This photo was taken on Milverton Hill, Leamington Spa between St James’s Church Old Milverton and the Saxon Mill, Warwick.
At about 4.30pm on Friday 7 June I walked with my two teenage children through the churchyard to reach this field.
A late summer afternoon in the English countryside is such a quiet, luminous, poignant time.
And it’s one of the loveliest times to be on Milverton Hill. You breathe in a green woody scent, a fragrance of light and sunshine.
As we walked through the churchyard to reach the field, we found a plaque in the grass:
8th June 1995-23rd April 2009
aged 13 years
sweet, rare, exquisite
Ruby’s mother Sarah was tending the flowers, and Ruby’s father Richard was mowing the grass.
Ruby was in my daughter Abigail’s year at school, and Abigail knew Ruby and her story, as many others in our area do, whose hearts were touched by Ruby’s three year struggle with cancer, and her death in 2009.
Sarah, cheerful and pleasant, said to Abigail, “You’re the age Ruby would have been. Tomorrow is her 18th birthday.”
Ruby’s dog Gracie was with them too. Propped against the flower containers by the plaque is a photo which shows this family pet with Ruby 5 years ago.
As we walked out through the gate onto Milverton Hill, beyond the church, I couldn’t help comparing the shortness of Ruby’s life to the transience of golden fields in the English countryside.
In this lovely field, popular with walkers, the cobweb tracery of Shepherd’s-Purse flowers, too, appear between the golden rapeseed flowers. Each petal is silk to the touch, and you feel the cool breeze as you face towards the church. Turning back again to face down towards the Guy’s Cliffe House ruin and the Saxon Mill, the trees seem sculpted against a radiant horizon of intense clarity, each golden flower backlit.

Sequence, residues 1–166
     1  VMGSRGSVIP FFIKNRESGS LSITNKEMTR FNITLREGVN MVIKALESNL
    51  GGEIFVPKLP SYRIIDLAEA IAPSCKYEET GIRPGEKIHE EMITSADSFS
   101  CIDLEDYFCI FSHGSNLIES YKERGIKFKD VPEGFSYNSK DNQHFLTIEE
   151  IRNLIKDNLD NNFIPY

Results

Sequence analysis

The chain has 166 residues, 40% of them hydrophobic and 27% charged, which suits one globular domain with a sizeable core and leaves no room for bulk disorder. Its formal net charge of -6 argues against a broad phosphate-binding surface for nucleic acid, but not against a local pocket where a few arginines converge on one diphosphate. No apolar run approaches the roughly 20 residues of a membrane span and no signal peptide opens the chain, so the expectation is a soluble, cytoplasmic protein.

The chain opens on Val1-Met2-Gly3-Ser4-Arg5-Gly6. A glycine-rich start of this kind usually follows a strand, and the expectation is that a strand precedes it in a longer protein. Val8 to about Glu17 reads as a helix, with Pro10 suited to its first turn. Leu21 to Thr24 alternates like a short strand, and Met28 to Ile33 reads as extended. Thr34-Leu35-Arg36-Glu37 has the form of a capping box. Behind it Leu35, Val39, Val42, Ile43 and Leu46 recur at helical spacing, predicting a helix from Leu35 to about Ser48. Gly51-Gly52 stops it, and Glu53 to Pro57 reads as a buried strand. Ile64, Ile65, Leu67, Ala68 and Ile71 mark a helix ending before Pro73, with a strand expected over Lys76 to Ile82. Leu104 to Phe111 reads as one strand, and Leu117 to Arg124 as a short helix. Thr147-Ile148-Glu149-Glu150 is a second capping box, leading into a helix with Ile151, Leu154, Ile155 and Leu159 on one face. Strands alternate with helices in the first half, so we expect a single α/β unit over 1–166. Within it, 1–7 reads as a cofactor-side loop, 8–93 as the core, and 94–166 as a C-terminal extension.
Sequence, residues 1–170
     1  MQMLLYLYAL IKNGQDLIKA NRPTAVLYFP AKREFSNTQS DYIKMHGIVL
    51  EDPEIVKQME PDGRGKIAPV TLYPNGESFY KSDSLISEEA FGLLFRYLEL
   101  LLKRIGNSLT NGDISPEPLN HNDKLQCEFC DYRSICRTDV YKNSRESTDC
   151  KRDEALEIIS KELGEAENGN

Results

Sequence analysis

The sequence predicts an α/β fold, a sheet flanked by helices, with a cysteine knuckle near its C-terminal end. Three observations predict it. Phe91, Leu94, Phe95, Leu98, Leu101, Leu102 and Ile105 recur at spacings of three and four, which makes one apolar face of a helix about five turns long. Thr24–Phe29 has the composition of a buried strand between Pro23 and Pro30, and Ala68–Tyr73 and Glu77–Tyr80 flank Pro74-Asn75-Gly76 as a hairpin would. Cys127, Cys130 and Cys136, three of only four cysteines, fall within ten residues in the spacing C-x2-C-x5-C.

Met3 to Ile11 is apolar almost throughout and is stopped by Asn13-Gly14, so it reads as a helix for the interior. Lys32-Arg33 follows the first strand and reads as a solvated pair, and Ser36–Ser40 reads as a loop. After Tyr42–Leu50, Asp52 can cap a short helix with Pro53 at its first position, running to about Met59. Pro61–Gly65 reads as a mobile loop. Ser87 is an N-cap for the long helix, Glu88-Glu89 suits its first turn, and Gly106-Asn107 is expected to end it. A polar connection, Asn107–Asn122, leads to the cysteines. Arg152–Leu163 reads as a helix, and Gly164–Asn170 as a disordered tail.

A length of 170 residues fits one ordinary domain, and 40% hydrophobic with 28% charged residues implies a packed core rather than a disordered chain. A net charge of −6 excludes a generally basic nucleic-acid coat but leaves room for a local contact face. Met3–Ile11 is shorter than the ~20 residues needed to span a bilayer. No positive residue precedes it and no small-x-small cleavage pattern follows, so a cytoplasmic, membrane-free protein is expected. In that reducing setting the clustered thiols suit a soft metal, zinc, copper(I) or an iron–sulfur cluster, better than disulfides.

Golden fields don’t last long. But they do reappear each summer. And so will this little memorial to Ruby touch many hearts through future generations.
5 thoughts on “A Golden Field, a Short Life That Touched Many Hearts, and a Poignant Moment in a Country Churchyard”
Oh Sheila. Thankyou for sharing that from your blog about Ruby; its special & painful & really really poignant. My daughter is 16 and Im in tears. Please Lord, just comfort Ruby`s Mam & Dad always. Chris.
Thank you for your comment. Ruby’s mum and dad have been incredibly brave and dignified about their loss of Ruby, throughout the whole story of Ruby’s diagnosis, illness and death. Ruby herself showed the most astonishing composure and courage, and can be seen speaking in the YouTube video I linked to. The whole story is quite outstanding, and as I say in my post, it will be a source of inspiration and reflection well into the future, for all those who pass through the churchyard & pause by Ruby’s memorial.
yes, it is so sad and poignant to read of people who pass away so young in their life. It only serves as a reminder for all of us to treasure every day and live with a sense of gratitude and do the best we can to lead the healthiest life we can.
Also, most impressed with Abigail’s photos – excellent work!
Thank you for your comment.You are right – it does teach us to value the precious time that we have been given. I’ll pass on your praise to Abigail for her photos!